Benzodiazepine therapy can give rise to physiologic and psychologic dependence based on the drug's dosage, duration of therapy and potency. 1 Thus, dependence will develop sooner (such as in one to two months) in a patient who is taking a high dosage of a high-potency agent such as alprazolam than in a patient who is receiving a relatively low dosage of a long-acting, low-potency agent such as chlordiazepoxide. As a result of physiologic dependence, withdrawal symptoms emerge with rapid dose reduction or abrupt discontinuation of the drug.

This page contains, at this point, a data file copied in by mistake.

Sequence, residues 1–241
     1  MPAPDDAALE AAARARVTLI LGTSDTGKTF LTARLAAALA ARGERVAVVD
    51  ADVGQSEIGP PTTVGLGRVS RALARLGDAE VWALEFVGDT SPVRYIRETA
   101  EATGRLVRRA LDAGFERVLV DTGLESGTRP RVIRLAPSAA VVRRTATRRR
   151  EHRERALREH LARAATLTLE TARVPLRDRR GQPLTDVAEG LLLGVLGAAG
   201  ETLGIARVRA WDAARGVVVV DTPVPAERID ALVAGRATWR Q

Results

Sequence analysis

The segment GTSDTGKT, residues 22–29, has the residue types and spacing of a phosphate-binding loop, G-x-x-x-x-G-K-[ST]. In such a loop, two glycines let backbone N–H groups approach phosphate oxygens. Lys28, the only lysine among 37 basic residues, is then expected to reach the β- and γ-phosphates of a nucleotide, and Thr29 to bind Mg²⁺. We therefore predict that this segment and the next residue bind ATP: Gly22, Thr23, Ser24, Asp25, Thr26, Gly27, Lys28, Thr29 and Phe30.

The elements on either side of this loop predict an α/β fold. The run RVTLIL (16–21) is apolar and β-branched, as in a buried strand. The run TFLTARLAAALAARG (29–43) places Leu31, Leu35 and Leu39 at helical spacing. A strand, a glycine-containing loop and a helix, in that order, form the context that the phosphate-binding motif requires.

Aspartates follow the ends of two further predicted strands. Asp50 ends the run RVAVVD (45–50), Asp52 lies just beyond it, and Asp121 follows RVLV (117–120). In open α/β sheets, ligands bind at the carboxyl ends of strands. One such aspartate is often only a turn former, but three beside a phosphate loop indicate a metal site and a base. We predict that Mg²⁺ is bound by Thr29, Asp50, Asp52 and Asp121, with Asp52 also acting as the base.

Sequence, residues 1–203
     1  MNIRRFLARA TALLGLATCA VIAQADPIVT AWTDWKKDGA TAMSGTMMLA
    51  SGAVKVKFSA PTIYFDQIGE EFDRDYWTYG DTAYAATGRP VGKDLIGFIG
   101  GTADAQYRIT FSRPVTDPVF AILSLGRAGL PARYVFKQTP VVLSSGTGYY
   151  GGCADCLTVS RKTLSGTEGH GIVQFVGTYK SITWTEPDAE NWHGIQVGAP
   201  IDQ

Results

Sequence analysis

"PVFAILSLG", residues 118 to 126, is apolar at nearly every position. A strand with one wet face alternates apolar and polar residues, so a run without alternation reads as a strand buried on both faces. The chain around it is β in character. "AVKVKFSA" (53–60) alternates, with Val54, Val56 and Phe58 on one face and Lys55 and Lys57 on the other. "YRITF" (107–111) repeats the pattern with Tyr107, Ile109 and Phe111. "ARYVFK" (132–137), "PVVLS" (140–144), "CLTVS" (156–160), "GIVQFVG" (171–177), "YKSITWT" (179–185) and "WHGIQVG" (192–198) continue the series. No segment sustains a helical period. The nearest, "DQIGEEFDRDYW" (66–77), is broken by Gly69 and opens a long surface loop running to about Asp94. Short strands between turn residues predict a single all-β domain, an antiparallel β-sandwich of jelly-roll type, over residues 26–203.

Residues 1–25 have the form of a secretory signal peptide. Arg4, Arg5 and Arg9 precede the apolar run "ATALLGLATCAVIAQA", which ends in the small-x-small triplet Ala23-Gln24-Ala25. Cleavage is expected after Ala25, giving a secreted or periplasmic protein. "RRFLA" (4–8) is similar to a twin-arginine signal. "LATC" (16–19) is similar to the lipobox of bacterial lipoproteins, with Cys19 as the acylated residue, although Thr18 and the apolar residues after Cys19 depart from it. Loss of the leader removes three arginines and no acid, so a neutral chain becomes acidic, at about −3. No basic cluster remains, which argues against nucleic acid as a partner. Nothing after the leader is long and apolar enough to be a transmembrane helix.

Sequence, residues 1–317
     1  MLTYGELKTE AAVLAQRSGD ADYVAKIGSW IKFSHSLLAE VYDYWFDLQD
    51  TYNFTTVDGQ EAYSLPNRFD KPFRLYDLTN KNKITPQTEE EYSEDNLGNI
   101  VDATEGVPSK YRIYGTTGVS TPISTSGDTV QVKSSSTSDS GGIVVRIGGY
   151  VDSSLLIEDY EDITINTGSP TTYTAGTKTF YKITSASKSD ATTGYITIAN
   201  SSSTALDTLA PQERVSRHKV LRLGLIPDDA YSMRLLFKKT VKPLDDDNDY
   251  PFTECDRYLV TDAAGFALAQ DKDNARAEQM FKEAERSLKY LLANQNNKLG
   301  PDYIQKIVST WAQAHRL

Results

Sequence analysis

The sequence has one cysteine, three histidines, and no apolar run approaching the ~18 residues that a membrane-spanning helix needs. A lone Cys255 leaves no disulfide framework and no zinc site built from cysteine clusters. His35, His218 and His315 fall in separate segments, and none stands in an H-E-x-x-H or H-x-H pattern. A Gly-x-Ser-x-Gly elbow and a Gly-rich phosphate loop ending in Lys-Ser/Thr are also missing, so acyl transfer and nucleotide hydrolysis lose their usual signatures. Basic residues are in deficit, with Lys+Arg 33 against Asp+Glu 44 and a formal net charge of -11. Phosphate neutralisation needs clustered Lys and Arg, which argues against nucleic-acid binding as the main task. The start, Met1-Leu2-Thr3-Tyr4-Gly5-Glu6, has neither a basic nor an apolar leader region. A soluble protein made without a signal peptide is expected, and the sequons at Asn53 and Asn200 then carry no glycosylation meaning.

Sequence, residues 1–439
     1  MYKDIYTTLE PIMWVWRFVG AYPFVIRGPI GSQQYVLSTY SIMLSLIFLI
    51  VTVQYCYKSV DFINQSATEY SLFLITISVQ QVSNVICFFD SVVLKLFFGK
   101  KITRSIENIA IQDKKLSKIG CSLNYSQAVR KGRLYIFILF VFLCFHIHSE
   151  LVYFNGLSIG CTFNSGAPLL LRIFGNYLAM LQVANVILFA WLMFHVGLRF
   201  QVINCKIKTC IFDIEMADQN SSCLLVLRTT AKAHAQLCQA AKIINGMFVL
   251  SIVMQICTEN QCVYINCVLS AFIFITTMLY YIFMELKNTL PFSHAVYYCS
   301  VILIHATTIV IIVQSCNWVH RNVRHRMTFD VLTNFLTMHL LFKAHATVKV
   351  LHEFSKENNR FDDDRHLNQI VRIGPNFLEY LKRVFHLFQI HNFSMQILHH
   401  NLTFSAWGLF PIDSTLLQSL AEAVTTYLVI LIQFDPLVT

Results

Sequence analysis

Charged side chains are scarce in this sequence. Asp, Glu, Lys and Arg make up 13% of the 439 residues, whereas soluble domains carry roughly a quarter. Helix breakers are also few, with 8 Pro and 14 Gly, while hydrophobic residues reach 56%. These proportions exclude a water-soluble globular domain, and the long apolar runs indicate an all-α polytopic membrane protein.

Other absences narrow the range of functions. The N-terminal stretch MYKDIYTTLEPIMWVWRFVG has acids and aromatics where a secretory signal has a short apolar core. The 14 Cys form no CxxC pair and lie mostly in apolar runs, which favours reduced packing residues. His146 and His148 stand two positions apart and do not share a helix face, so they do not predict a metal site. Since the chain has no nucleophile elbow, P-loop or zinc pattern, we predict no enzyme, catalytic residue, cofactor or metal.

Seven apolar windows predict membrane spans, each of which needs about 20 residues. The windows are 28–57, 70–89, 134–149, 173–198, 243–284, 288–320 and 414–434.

The areas of the brain where cannabinoid receptors are most prevalently located are consistent with the behavioral effects produced by cannabinoids. Brain regions in which cannabinoid receptors are very abundant are the basal ganglia , associated with movement control; the cerebellum , associated with body movement coordination; the hippocampus , associated with learning , memory, and stress control; the cerebral cortex , associated with higher cognitive functions; and the nucleus accumbens , regarded as the reward center of the brain. Other regions where cannabinoid receptors are moderately concentrated are the hypothalamus , which regulates homeostatic functions; the amygdala , associated with emotional responses and fears ; the spinal cord , associated with peripheral sensations like pain; the brain stem , associated with sleep , arousal , and motor control; and the nucleus of the solitary tract , associated with visceral sensations like nausea and vomiting .